Ole Miss professor slammed over political tweet gets tenure
(AP) — A University of Mississippi sociology professor criticized for encouraging “acts of aggression” against Republican politicians was granted tenure by a divided College Board on Thursday.
Trustees approved the promotion of Professor James Michael Thomas after pulling only his name from a list of 76 routine tenure approvals and debating his case in a two-hour closed session.
Higher Education Commissioner Al Rankins confirmed to The Associated Press that a majority of trustees voted for tenure, although no decision was announced. Rankins said that a denial could have imperiled “the accreditation of our campuses.”
A statement from the board later said Thomas was approved “with dissent.”
Thomas expressed relief at achieving tenure, a key career milestone for most academics, but questioned the propriety of being singled out.
“Extramural activity, especially political speech, has no place in tenure decisions,” he said in a phone interview Thursday with the AP. He cited academic freedom guidelines saying professors shouldn’t face workplace consequences for unpopular statements.
Thomas appeared to be in good shape for tenure last fall, publishing prolifically and winning multiple awards. But as Brett Kavanaugh was confirmed to the U.S. Supreme Court on Oct. 6, Thomas tweeted a reply to MSNBC host Joe Scarborough.
Scarborough had tweeted that people should not yell at senators, shout at people in restaurants or “rage about past votes.” Thomas disagreed.
“Don’t just interrupt a senator’s meal, y’all,” Thomas wrote. “Put your whole damn fingers in their salads. Take their apps and distribute them to the other diners. Bring boxes and take their food home with you on the way out. They don’t deserve your civility.”
The tweet got slammed at the national level, where Republicans criticize what they see as liberal indoctrination at public universities, and at the state level, where Ole Miss administrators face continuing resistance to the school’s decades-long dismantling of Confederate symbols.
Then-chancellor Jeffrey Vitter criticized Thomas , although not by name, writing on Facebook that the post “did not reflect the values articulated by the university, such as respect for the dignity of each individual and civility and fairness.”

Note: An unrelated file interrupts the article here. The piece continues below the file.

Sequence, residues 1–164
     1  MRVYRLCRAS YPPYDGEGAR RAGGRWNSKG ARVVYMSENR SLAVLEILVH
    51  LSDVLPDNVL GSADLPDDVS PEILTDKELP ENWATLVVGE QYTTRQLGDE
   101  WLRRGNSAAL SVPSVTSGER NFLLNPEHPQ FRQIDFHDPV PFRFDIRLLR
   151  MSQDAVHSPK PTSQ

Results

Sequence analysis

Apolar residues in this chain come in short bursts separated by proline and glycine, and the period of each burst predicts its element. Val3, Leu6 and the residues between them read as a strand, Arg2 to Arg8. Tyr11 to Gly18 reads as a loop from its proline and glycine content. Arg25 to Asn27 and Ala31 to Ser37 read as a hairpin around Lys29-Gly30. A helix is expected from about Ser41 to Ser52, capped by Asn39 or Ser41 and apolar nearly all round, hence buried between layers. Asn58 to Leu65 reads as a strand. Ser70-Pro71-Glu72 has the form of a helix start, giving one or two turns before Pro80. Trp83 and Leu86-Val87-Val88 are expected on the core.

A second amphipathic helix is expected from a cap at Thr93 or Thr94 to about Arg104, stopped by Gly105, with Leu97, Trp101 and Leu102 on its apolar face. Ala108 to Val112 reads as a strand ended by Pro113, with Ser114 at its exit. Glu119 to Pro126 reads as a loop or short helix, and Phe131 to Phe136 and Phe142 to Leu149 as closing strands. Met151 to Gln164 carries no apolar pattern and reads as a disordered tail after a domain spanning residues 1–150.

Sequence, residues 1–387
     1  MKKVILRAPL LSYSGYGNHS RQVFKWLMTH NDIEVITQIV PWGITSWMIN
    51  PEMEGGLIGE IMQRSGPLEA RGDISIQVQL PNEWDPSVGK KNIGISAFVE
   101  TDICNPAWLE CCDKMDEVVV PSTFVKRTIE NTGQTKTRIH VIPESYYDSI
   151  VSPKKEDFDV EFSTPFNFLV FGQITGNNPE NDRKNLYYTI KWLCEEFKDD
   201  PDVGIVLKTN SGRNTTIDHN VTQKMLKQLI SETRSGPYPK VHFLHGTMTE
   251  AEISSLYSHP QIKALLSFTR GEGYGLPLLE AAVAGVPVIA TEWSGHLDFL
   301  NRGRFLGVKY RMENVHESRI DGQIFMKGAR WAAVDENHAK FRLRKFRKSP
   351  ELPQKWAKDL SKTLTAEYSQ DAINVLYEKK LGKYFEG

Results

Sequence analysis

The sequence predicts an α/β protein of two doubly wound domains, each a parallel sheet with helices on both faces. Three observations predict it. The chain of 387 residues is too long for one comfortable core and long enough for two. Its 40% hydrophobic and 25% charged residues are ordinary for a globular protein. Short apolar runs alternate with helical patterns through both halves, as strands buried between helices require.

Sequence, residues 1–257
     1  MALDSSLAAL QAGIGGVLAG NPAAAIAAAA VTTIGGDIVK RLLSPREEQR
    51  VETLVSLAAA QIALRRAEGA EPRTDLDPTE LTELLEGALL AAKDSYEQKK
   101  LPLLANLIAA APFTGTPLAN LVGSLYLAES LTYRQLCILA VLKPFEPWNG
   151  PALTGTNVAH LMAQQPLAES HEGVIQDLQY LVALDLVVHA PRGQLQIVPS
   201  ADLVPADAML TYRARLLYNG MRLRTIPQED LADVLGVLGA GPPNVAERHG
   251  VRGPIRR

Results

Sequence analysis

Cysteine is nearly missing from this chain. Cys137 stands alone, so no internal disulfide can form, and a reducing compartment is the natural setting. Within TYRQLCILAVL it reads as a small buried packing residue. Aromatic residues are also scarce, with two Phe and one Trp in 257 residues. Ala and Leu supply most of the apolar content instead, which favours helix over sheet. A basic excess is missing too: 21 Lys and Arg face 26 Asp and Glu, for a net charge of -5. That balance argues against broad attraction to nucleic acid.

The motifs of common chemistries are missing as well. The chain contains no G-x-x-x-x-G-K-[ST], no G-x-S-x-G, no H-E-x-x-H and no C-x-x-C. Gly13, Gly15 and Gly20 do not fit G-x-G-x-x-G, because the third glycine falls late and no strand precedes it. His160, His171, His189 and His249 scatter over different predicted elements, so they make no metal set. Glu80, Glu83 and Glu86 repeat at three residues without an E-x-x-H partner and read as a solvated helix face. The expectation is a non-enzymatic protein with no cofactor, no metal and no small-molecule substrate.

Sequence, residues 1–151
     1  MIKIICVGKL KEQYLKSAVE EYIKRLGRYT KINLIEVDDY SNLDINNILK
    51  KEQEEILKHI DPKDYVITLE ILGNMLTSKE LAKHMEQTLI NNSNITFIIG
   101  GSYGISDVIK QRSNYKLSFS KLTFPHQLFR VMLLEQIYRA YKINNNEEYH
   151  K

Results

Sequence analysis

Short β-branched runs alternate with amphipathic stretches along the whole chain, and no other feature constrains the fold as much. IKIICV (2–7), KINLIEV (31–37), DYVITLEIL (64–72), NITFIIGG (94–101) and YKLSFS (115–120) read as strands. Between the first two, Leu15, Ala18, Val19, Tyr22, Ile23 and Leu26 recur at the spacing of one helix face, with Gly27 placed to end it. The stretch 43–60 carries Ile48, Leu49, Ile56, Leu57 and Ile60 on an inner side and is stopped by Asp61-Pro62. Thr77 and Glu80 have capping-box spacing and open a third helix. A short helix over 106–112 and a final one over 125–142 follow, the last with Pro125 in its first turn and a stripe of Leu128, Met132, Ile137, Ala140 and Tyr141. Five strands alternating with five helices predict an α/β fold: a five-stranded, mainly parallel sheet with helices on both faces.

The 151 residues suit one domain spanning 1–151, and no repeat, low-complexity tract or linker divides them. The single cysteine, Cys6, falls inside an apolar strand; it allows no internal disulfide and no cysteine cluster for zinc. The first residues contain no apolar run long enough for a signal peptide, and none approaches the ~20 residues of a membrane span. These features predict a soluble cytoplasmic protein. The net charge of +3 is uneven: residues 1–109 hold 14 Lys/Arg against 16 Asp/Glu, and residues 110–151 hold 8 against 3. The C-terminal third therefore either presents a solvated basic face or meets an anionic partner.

Republican Gov. Phil Bryant piled in, tweeting: “This is troubling and disappointing to see from one of our university professors. There is no place in a civilized society, and particularly on a college campus, for urging individuals to harass anyone.”
For his part, Thomas said he doesn’t retract the statement. “I don’t regret a damn thing,” he said Thursday.
Vitter no longer leads Ole Miss. Interim Chancellor Larry Sparks declined comment Thursday when he emerged from behind closed doors with trustees.
Thomas said supporters had contacted trustees, warning that a denial could lead to national embarrassment or accreditation sanctions for Ole Miss and Mississippi’s seven other public universities. Rankins said the board on Wednesday received a letter from the American Association of University Professors voicing concerns about Thomas’ case. That faculty group can censure universities, but doesn’t control accreditation.
“There have been a lot of phone calls to them and other … board members about how catastrophic this would be for the universities,” Thomas said.
Academic tenure grants permanent posts to professors. Typically, they can only be fired for misconduct or if a university has financial troubles. It’s meant in part to guarantee freedom of speech and research.
Mississippi’s university system has a long history of struggles over academic freedom. The 12-member College Board was enshrined in the state Constitution in 1942 , with the amendment saying trustees should be “uninfluenced by any political considerations.” The move came after Gov. Theodore Bilbo in 1928 fired the heads of three institutions and a number of faculty member. The Southern Association of Colleges and Schools revoked the schools’ accreditation for several years, devaluing the degrees they granted.
The board, though, has rarely been free from politics. Trustees worked with politicians to prevent the enrollment of James Meredith at Ole Miss in 1962. The board also banned many speakers from college campuses for much of the 1960s, trying to prevent pro-civil rights speeches.
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